They were like a fez, of a conical or sugarloaf shape, with a crown like the end of an egg, and were loose enough to be dragged over one's ears to keep off the cold or rain (Hesiod, l.c.). A sower in the painting of a cylix of Nicosthenes in the Berlin Museum (Catalogue, No. 1806; cf. Gerhard, Trinkschalen u. Gefäse, Taf. 1; Blümner, Leben u. Sitten, iii. fig. 48) is represented in a hat of this description. The celebrated cylix by Sosias in the same collection (Catalogue, No. 2278; Mon. d. I. 1.24, 25; Blümner, ib. iii. fig. 22) shows the wounded Patroclus, who has taken off his helmet, wearing a skull-cap of felt, which unmistakably acts as a lining, reminding one irresistibly of the πῖλος in the κυνέη of Odysseus.

This sugar-loaf or fez-like shape of felt cap seems to have been known as the πιλίδιον (= pilleolum), though modern archaeologists are in the habit of giving it the name πῖλος, which, when we consider the very general way in which this word is used, can scarcely be said to have classical warrant.

The cap itself was worn universally by artisans and sailors, along with the ἐξωμίς, and accordingly appears with it in art as their characteristic costume; and, in the case of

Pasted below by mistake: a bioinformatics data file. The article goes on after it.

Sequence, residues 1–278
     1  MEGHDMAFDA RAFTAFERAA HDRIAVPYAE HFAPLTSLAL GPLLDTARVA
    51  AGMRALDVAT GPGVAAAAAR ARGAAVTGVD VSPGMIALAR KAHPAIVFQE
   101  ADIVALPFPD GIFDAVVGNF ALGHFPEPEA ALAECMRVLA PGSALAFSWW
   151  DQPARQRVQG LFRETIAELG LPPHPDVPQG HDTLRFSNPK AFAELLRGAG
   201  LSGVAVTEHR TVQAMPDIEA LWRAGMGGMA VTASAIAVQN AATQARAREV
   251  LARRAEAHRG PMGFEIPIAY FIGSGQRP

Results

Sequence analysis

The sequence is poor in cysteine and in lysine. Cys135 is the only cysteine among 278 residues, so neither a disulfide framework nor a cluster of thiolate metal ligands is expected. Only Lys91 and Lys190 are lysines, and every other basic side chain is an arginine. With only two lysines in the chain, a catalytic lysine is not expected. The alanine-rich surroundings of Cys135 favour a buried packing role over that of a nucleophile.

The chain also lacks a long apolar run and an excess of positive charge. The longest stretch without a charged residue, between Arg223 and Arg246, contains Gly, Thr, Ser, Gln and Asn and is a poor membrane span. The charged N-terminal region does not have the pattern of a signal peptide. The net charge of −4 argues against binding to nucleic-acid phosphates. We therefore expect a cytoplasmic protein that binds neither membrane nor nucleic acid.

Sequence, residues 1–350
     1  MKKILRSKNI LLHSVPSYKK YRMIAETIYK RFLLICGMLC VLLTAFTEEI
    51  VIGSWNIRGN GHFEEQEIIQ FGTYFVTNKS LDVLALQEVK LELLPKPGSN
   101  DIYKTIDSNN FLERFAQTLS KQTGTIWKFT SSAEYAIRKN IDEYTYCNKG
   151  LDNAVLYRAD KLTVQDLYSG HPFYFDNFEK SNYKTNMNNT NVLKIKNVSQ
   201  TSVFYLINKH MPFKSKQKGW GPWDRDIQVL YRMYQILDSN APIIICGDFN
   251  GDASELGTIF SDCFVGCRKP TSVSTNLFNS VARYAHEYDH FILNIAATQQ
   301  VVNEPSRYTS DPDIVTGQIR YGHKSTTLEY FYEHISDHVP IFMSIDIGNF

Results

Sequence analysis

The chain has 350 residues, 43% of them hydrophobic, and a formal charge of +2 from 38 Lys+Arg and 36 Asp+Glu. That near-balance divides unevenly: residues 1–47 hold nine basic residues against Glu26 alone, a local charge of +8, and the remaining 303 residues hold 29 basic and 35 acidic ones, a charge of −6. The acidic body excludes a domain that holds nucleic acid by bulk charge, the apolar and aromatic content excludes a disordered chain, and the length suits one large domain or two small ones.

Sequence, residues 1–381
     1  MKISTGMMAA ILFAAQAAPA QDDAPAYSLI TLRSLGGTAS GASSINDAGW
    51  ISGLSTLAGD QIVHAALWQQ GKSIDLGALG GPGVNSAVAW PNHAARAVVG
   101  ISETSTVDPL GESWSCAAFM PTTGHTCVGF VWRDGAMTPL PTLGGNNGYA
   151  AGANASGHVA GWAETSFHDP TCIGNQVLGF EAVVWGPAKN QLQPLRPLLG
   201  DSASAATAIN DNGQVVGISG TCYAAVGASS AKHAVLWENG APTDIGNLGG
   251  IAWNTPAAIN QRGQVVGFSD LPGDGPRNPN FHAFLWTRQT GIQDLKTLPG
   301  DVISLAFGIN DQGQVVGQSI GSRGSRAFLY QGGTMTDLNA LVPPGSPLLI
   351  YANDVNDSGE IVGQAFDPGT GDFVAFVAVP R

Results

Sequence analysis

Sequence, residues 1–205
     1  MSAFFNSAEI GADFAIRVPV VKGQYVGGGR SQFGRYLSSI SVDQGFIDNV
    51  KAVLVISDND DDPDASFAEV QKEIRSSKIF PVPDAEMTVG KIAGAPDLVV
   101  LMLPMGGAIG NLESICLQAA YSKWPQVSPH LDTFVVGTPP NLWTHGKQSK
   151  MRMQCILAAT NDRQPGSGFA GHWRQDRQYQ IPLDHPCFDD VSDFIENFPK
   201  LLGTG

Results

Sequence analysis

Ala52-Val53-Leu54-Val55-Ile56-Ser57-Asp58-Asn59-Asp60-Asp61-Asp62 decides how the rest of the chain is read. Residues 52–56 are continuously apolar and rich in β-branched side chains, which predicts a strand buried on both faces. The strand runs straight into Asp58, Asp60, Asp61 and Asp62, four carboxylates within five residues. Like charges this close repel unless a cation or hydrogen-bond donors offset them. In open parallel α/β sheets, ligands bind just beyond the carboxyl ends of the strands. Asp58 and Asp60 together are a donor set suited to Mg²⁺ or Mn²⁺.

Odysseus offering wine to the Cyclops.

mythological persons, is worn by Hephaestus and Daedalus as craftsmen and by Charon and Odysseus as seafarers (cf. preceding cut from a statuette in Winckelmann's Mon. Ined. 2.154). In the case of Odysseus, we are told by Pliny that Nicomachus was the first to give him the πῖλος (H. N. 35.109, “Ulixi primus addidit pilleum” ); but Schöne maintains (Hermes, 6.125) that this was to represent him feigning to be mad, and not necessarily as a sailor. However this may be, it is difficult, with the evidence of vase-paintings of the perfect Attic style before us, to believe that there can have been any novelty in giving him a cap at such a late date.

Sailors with πιλίδιον. (From a vase-painting.)

The πιλίδιον or fez-shaped πῖλος was frequently worn with a band, which made it fit tighter on the head. Below the band there is naturally a piece of the edge left free, and by a perfectly natural process this becomes a brim. As a result we see on the monuments hats with brims of every conceivable width, from those that are little more than a fez, with a band tied round, to the broadest of wide-awakes.

Those with the incipient brim are frequently seen on the monuments as worn by warriors, but it is in most cases difficult to say if it was really of felt and not of bronze. Both were worn, for we hear of πῖλοι Λακωνικοὶ Ἀρκαδικοί, which were doubtless of felt, as were the πῖλοι, which protected the Spartans at Pylos so badly from the Athenian arrows (Thuc. 4.34, 3: cf. Iwan Müller, Handbuch, iv. p. 254); while,. on the other hand, a πῖλος χαλκοῦς is mentioned in Aristophanes (Aristoph. Lys. 562). A good instance of a πῖλος worn by a warrior which might possibly be felt is the relief from a tomb in Bullet. de Corr. Hell. pt. 7 (cf. Blümner, ib. i. fig. 6), while